Is there a tipping point
for too much?
The subject of this month's lead article is familiar to many of us (I am no exception) who find ourselves insidiously weighted
down by all the material possessions that take up space in our lives. I am referring to
all the chattel and belongings including, furniture, books, clothing, collections, antiques, and paintings - that we collect and then later find little use or no enjoyment. Western culture is particularly focused on material goods. This "stuff" becomes overwhelming at certain times in our lives and is what I refer to as the "tipping point" when our possessions become a burden to us and cease giving us pleasure and contentment. When does that tipping point appear? What's the way to be more aware of this experience? Perhaps a few examples will peak your interest for your own inquiry.
This past summer when my son and I were volunteering in Costa Rica, we were immersed in a culture vastly different from the US when it comes to material wealth, to say the least. Our time was offered to a family of 32 kids adopted by a devoted mother manifesting as an Angel for unwanted and abused children.
My time was spent in the laundry - your imagination will not do reality justice. For an entire morning, I cleaned and organized a flimsy cupboard six feet high filled with toddler and infant clothing. Almost every piece of clothing was damaged (stains, mildew, holes, tears) and would very likely have been long ago discarded in our country. I sorted, folded and stacked the pieces three layers deep according to type (top or bottom) and use (sleeping, play, dress-up). Of the 32 kids, five at most wore the clothes in this cupboard. It was impossible to use most of these garments because there were so many, too many. In this same laundry space, I also devoted time and duct tape to repairing broken plastic laundry baskets. Again, these would be discarded by most of us in the US, but they were being fully used in this home. When I suggested to the program director that perhaps some of the infant and toddler clothing could be given or thrown away, or that perhaps the dilapidated plastic baskets had fulfilled their purpose, a look of horror crossed his face. His immediate response was, no, nothing could be thrown away. Because they had so little and scarcity a daily challenge, it was inconceivable to him that throwing away unused items would actually ease their load. In a world where want was rampant, it was better in his mind, to hold on to what they had even if it had lost all use. Sensing the situation, he did not believe as an American, I could possibly understand.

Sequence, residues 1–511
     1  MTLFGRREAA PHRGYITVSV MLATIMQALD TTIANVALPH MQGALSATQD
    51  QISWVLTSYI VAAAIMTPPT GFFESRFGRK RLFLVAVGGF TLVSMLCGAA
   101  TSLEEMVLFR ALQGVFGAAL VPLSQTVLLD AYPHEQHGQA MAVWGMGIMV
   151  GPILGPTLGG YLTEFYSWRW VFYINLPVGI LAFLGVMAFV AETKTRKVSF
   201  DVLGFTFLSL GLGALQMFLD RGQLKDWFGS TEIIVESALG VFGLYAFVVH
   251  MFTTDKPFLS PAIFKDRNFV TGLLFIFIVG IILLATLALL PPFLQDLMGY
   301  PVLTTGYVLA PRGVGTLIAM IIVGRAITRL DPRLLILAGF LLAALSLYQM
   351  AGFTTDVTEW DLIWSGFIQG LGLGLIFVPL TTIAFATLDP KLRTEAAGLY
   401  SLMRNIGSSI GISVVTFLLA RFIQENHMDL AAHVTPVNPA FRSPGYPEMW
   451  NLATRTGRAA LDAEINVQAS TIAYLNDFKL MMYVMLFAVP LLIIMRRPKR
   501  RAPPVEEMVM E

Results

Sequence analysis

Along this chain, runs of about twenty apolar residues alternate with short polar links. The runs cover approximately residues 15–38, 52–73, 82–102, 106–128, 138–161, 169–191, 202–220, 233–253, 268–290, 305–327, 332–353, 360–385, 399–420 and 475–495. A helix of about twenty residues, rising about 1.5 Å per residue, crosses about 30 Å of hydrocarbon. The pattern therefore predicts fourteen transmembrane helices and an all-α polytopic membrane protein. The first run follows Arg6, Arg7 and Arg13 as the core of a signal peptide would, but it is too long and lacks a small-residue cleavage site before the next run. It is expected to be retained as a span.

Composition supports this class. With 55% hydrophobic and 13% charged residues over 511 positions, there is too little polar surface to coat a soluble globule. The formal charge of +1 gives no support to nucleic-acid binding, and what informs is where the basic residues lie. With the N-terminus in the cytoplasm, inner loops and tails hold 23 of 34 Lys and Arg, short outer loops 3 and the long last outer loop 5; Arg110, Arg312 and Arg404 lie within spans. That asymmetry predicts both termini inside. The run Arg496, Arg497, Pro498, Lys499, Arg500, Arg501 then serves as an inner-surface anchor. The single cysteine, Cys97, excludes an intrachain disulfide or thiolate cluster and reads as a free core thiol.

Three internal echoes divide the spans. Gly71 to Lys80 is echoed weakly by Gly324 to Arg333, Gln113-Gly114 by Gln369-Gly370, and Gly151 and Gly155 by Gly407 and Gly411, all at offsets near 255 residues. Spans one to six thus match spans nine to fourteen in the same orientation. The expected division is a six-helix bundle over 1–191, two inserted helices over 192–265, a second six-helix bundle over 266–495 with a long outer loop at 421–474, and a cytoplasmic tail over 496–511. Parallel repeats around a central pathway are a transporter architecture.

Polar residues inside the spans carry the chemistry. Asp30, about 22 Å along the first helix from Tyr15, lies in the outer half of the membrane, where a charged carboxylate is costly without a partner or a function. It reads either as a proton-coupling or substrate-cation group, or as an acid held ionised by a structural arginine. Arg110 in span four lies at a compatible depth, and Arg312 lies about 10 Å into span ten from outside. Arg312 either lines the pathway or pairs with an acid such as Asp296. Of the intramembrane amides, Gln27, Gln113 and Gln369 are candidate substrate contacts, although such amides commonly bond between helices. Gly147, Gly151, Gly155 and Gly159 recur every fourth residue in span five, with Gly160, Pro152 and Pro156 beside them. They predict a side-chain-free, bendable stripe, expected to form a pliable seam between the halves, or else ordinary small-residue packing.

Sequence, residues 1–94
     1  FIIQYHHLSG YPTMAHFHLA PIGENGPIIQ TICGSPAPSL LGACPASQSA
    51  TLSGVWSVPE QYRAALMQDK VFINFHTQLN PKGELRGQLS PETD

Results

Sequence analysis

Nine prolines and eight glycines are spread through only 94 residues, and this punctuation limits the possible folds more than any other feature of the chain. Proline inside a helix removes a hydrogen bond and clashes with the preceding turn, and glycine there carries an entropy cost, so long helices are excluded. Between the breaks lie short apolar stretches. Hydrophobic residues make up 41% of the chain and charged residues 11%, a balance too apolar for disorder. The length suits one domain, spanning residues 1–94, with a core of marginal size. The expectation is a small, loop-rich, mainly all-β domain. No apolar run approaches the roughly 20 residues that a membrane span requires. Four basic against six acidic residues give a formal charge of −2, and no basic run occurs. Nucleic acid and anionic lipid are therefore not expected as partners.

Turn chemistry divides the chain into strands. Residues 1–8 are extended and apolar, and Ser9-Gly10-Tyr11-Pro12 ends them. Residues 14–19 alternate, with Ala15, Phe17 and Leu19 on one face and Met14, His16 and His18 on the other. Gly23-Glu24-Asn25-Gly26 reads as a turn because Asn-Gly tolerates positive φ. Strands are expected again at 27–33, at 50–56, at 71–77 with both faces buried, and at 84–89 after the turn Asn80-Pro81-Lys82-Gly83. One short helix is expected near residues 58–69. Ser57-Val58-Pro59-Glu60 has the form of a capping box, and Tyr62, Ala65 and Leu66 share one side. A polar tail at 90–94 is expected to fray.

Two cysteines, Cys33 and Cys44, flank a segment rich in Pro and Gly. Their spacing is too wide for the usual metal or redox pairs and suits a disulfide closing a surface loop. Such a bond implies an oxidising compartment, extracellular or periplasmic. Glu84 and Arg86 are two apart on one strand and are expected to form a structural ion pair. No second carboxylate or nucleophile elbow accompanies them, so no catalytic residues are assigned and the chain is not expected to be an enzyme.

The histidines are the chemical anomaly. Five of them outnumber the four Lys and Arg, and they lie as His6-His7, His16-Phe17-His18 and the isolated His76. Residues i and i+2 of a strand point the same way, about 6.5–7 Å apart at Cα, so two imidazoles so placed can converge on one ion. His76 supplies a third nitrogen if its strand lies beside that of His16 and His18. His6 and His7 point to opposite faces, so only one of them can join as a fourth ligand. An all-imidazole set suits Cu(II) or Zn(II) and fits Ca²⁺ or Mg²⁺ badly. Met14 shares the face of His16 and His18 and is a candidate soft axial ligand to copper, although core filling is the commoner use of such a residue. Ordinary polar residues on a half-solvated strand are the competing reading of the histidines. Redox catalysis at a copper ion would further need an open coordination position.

In the late 80's, after my aging parents-in-law were the unlucky victims of two burglaries in their New York home while spending the winter season in Florida, they decided to "unload" their chattel at a yard sale. While some of their stuff (bronze and sterling pieces, art deco, and contemporary art) was collected intentionally over the years for investment purposes, they began to view their tangible property as a fearsome burden. They wanted to get rid of it and as soon as possible. We were told to take what we wanted from the garage basement. In a room chock full of stuff, my one comment was to be careful of anything valuable as these were "investments" they had made in tangible property. In other words, don't throw everything away. We noted a few collections that would be auction material and offered to orchestrate the sale. They declined and diligently, with one pointed focus, got rid of their stuff at a yard sale. The finer pieces were scooped up early by dealers, other pieces were bought by consumers, and the junk (there is no other word for it) traveled by semi-truck to our home to be stored in our basement. (No, I'm not kidding and later a basement flood somewhat gracefully rid us of it.)
What is the commonality of these stories? Is there an opportunity that clearly presents itself to expand our awareness about stuff and enough? The tipping point for both of these situations is an undercurrent of fear and scarcity.